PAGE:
SOURCES: 21 USC 360i; 21 CFR 803.10; FDA, 1997b, 2000f.
caused or played a role in causing, (2) report device-related malfunctions that could cause a death or serious injury, (3) establish and maintain adverse event and complaint files, and (4) submit certain follow-up or summary reports to FDA. In contrast to the provisions for adverse drug event reporting, the reporting requirements for medical devices do not distinguish between expected (e.g., listed in a drug’s labeling) and unexpected adverse events (21 CFR 314.80; FDA, 2001f).
In their reports, manufacturers must include information about whether a device was returned and evaluated, the method and findings of evaluation, and any remedial action such as a recall or labeling change. In addition to requirements for adverse event reporting, separate “quality system” regulations include requirements for timely review and evaluation of complaints and for maintenance of complaint files (21 CFR 820.198).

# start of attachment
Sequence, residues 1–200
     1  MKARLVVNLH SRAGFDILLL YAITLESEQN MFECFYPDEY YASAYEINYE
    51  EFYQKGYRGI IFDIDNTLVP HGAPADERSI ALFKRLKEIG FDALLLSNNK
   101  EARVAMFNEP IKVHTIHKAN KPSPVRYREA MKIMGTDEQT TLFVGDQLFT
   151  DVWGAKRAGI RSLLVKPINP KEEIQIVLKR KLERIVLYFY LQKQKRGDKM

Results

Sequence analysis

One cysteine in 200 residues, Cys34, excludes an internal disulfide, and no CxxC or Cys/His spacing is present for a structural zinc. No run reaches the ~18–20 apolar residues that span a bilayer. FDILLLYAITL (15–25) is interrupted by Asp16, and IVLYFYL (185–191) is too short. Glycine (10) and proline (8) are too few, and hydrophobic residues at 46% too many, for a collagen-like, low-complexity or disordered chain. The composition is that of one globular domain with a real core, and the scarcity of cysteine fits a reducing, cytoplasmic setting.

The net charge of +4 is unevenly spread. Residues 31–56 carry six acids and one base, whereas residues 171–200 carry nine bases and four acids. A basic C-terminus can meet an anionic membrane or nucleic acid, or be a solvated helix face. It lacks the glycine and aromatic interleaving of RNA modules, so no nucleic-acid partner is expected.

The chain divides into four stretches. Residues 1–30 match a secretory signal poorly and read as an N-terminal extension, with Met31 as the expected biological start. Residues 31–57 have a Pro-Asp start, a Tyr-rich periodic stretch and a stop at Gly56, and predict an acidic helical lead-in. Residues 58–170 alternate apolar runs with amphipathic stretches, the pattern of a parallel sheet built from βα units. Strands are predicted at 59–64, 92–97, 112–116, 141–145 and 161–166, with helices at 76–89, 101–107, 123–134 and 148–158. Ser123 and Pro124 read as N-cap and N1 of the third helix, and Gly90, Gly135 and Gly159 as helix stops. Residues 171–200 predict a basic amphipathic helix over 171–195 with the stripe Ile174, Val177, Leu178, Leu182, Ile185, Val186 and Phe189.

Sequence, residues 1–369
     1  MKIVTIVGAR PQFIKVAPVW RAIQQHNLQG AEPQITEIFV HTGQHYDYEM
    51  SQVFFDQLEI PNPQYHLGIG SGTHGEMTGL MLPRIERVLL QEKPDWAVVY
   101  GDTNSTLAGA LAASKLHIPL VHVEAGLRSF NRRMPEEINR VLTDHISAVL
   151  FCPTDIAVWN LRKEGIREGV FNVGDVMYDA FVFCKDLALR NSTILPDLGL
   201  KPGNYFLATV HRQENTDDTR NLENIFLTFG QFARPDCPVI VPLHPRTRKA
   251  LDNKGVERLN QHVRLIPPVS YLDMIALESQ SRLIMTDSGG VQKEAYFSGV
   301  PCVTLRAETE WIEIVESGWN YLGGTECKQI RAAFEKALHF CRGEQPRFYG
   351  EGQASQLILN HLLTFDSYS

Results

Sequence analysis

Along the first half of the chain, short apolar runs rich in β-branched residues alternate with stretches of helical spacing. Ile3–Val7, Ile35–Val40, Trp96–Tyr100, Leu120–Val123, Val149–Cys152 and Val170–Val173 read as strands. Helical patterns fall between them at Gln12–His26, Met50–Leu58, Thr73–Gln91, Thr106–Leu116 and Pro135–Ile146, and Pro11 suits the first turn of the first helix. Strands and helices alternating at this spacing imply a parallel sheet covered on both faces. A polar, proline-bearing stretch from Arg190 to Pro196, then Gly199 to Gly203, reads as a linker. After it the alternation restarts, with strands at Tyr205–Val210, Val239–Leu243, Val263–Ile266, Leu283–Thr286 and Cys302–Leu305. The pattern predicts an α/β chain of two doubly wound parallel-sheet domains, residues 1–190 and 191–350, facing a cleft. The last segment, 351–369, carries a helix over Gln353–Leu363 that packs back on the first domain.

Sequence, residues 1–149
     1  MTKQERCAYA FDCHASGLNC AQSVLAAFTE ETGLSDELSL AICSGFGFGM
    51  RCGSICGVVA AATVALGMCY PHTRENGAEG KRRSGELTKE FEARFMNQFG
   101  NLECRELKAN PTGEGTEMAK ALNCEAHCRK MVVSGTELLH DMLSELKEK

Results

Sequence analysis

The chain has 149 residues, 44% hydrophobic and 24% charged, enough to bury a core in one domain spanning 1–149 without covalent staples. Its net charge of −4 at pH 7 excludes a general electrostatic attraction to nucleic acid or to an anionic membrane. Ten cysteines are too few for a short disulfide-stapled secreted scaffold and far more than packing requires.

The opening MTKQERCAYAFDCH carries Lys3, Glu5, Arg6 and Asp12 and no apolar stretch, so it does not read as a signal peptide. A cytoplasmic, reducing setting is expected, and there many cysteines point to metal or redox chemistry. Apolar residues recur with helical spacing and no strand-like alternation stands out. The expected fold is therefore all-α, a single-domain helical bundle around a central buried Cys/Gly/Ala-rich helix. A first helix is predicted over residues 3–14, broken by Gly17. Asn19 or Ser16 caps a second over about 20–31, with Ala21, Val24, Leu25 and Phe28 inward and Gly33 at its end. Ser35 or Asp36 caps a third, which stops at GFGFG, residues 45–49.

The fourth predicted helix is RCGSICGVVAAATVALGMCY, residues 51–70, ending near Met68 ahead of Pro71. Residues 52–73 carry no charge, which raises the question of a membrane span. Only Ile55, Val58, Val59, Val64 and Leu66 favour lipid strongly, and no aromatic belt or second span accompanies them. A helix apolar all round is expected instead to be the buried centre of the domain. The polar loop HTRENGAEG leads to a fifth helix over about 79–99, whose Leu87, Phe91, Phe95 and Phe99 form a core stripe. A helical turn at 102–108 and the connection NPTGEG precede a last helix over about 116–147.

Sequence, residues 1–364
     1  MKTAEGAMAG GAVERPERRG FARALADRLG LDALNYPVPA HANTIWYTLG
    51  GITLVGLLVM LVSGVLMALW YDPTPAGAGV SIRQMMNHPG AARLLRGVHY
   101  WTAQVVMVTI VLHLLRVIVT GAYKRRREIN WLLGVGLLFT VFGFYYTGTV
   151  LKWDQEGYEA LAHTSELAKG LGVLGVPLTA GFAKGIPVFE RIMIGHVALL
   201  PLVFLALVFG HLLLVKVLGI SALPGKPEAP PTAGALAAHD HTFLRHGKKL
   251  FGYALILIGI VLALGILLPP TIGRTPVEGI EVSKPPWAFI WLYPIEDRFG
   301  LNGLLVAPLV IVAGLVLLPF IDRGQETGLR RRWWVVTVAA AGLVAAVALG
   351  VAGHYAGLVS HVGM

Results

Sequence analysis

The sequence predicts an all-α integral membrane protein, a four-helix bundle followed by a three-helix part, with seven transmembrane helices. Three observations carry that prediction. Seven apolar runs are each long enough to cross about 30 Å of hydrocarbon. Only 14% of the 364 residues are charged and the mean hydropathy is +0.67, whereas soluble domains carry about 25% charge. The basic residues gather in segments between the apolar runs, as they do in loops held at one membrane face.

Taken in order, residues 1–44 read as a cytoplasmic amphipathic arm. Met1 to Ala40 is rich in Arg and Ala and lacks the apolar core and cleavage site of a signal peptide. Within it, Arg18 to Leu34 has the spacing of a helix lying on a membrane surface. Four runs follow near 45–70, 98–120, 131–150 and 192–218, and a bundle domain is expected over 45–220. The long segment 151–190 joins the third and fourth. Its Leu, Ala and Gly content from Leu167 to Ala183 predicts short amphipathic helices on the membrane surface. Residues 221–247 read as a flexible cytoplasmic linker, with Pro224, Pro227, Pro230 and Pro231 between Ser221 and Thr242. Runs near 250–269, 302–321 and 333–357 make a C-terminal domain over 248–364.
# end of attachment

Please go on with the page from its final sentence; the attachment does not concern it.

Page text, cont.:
Manufacturers are not required to report all complaints or information received but rather must evaluate this information to determine whether it involves a reportable event. Companies may receive information or complaints by telephone, fax, mail, or e-mail from consumers, health care workers, health care facilities, vendors, or their own sales or service representatives or other employees. They may also become aware of possible problems through scientific articles, news reports, professional conference presentations, or communications from FDA or other government agencies.